While much of these regulations are quite conducive to Solar industry, there are some potentially negative developments in California, a state that contributed ~20% of Enphase’s total revenue in 2022. California used to have Net Energy Metering Policy (NEM) which allowed a billing system between utility providers and customers generating their own power through solar. Under NEM 2.0, self-generators could earn credits for the excess electricity their system provides to the grid. This export rate for solar energy was based on a tiered rate structure that offered a single rate for excess energy exported to the grid, regardless of the time of day or day of the week. This meant that customers received the same credit for excess solar energy exported during peak, shoulder, or off-peak periods. With NEM 3.0, the export rate is now aligned with time-of-use (TOU) periods, offering higher credits for excess energy exported during peak periods and lower credits during off-peak periods. Enphase itself mentioned in their 10-K that following NEM 3.0 implementation, the average export rate in California is expected to be ~5-8 cents per KWh vs ~25-35 cents per KWh earlier. Given California is the largest solar market in the US, this can dampen the demand for solar, especially in the current high interest rate environment.
Enphase, however, sounds optimistic that this regulatory change may turn out to be a boon for them as solar households in California would be incentivized to add storage to their solar system to increase self-consumption during peak hours when rates are highest and reduce low-value exports to the grid by using battery storage. SunPower (one of the leading solar installers in the US) mentioned the company saw battery attachment rates of 26%, 32%, and 47% in the first three weeks in California right after NEM 3.0 came into effect in April 2023. SunPower also mentioned they think battery attachment rate could ultimately exceed 20%. For context, the attachment rate of battery in solar system is ~80% in Germany, Europe’s largest solar market. Hence, 20% could prove to be conservative attachment rate in the long term.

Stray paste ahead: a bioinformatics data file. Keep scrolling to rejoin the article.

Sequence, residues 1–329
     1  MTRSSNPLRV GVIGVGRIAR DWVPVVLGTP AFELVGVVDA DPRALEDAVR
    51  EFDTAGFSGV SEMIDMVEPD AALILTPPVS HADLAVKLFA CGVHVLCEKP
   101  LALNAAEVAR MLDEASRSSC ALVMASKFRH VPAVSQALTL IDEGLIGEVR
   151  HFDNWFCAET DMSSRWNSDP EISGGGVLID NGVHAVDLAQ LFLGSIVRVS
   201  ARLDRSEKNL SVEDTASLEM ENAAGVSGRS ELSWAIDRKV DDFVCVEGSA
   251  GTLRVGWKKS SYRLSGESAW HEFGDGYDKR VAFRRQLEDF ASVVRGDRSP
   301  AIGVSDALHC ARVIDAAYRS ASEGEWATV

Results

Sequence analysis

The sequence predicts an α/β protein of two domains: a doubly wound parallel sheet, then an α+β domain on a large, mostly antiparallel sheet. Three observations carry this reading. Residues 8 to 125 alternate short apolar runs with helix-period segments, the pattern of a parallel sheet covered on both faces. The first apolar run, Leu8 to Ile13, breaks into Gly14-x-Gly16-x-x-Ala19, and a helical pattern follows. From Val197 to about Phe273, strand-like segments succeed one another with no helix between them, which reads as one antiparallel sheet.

Now that we have a good context for Solar industry, let’s delve into the details of Enphase’s business.
Here’s the outline for the rest of this Deep Dive:
Section 2 Enphase Business Overview: I segmented Enphase’s business in three categories: microinverters, storage, and miscellaneous/other. The overall economics and Serviceable Addressable Market (SAM) for Enphase is also discussed in this section.
Section 3 Competitive Dynamics: I dissected the overall Solar value chain into three broad segments: manufacturers, distributors/installers, and companies such as Enphase who sit at the middle between the two. I discussed why margins are pretty think in other parts of the Solar value chain, why Enphase enjoys relatively attractive margins, and some potential threats to long-term margins.
Section 4 Management and Incentives: I briefly discussed Enphase management’s capital allocation philosophy and management incentive structure in this section.
Section 5 Model Assumptions/Valuation: Model/implied expectations are analyzed here.
Section 6 Final Words: Concluding remarks on Enphase, and disclosure/discussion of my overall portfolio.